Bienvenido a Madrid!
I am studying in the 5th semester economics. During my studies in Germany, I was able to take advantage of subject-specific foreign language training in English and Spanish. After I was able to complete my first semester abroad in the United States, I decided to start another semester abroad towards the end of my studies in order to improve my Spanish.
First, I began to fight my way through the unmanageable number of partner universities at my university, only to discover with a sobering sensation that the application deadline had expired about 6 months before the actual start. But to be completely honest: I would only have expected a huge bureaucratic effort and in the end probably not even a place at one of the universities of my choice.
So I decided to go through MicroEDU. A good reputation precedes the organization. After I had found out about possible universities for a semester abroad in Spanish-speaking countries on the homepage, I contacted MicroEDU and got some initial information. I have to say that I received great help at all times and that I always got an answer promptly. MicroEDU quickly sent me all the necessary application documents. The application effort was really limited and only a few forms had to be filled out.
After I knew about some possible courses before applying, I had the syllabi of some courses sent to me immediately after I was accepted at Nebrija. In this way, I was able to clarify with my professors in Germany in advance whether the subjects I wanted to take in Spain could be credited. I was lucky with some professors and less with others, but in the end I got credit for most of the courses I took in Spain.
In Madrid itself it was unfortunately a bit more complicated. The organizational skills of the Spaniards were not always perfect. But you are not in Germany. The problem was that some courses overlapped in time. In addition, the Nebrija Universidad has a campus in Madrid and one just outside Madrid. Some courses were therefore offered in Madrid, others on campus outside Madrid. So it could happen that you didn’t make it to the other campus in time (travel time about 45 minutes) and had to forego one or the other lecture. The agreement between the two Nebrija campuses is not particularly good, so you should find out where and when which courses are taking place beforehand.
Otherwise, you should just assume that you have to be a bit flexible in your choice of course and, if necessary, a bit persistent. The Nebrija employees are always super nice and do their best
In the end I took 2 Spanish courses, International Relations, International Trade and International Business. Since Nebrija is a private university, everything is much smaller than at a German state university. But that has many positive aspects. There is a family atmosphere and the professor / student ratio is very balanced. The professors try very hard to make the lectures clear and really have an understanding of the subject. There is often a lot of discussion in the lectures, so it is seldom boring. The final grade also benefits from active participation in the lectures, as the participation makes up a not insignificant part. A total of,I found all of the subjects I took very exciting and, for the most part, also demanding.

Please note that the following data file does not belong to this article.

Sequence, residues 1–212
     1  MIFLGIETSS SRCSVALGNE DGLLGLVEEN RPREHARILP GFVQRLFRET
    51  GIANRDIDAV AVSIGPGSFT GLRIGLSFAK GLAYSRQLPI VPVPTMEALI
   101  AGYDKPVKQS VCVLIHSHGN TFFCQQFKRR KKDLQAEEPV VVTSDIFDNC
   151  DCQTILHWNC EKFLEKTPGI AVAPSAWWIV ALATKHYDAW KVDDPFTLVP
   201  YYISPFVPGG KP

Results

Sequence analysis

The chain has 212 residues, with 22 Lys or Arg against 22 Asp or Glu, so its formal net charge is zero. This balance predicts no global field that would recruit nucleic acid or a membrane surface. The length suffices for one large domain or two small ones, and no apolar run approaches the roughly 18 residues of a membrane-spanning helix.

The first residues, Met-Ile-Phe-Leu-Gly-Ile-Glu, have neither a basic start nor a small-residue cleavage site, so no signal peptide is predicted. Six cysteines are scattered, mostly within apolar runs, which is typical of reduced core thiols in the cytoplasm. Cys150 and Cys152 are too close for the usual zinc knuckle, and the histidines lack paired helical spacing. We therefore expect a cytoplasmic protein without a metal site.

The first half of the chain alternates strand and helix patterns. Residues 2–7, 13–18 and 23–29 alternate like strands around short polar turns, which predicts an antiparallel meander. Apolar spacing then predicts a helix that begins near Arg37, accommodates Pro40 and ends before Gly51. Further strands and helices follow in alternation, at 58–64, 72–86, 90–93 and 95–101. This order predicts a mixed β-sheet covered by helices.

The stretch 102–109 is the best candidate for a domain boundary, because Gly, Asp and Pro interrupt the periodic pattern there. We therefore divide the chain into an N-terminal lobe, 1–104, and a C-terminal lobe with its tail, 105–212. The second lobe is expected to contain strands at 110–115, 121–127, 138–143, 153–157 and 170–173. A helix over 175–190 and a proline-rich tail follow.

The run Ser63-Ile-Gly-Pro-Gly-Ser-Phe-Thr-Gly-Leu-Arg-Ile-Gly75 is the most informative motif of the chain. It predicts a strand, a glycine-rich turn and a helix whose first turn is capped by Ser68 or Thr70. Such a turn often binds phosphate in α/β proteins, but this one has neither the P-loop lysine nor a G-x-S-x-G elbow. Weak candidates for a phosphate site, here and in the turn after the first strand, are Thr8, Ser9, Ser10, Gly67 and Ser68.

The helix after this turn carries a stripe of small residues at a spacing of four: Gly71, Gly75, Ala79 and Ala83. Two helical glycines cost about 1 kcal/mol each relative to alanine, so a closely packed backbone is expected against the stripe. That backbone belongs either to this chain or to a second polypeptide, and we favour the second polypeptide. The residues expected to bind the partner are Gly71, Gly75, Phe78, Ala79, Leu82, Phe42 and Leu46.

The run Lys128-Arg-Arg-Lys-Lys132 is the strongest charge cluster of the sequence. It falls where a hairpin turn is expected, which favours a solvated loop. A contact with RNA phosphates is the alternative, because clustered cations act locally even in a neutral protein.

The university premises were very nice and the facilities were excellent. The university outside of Madrid (Berzossa) was in a very beautiful villa and was in a park-like complex. However, you should be aware that it takes a while to get from the center of Madrid to Berzossa and that this can be very annoying in the long run. Fortunately, although the campus was very nice there, I only had one lecture there.
What I found very nice about the Nebrija was that every Thursday you could go to the Intercambio in a bar and get in contact with other foreign students and Spaniards. There was always a lot of laughing and speaking in various languages, and most of the time the party continued until dawn. In addition, the university offered excursions with the Spanish teachers to places of interest in Madrid almost every week.
Regarding the city, I have to say that Madrid is really a very beautiful, but also noisy city and has something to offer for everyone. But I think that I don’t have to write a lot about this, because everyone can find out about it for themselves. In any case, there are dozens of bars, restaurants, clubs and of every conceivable type and for every taste.
In my opinion, it is best to find an apartment first on site. If you are flexible you can find something quickly and if you don’t have to live in the absolute center, the prices are also acceptable. However, you shouldn’t need more than 30 minutes to get to the center by metro, otherwise it gets annoying in the long run. I took it easy myself and didn’t arrive two weeks in advance. It is best to arrive a few days before the start of your studies. Then I just started from the hostel, did a few tours through Madrid and looked up the Internet. However, you should find out about prices, districts and the location of the university in Germany in advance. I finally found my apartment on the Aluni.net website and had very good experiences.
In conclusion, I have to say that Madrid is a great city and studying abroad there was the best experience!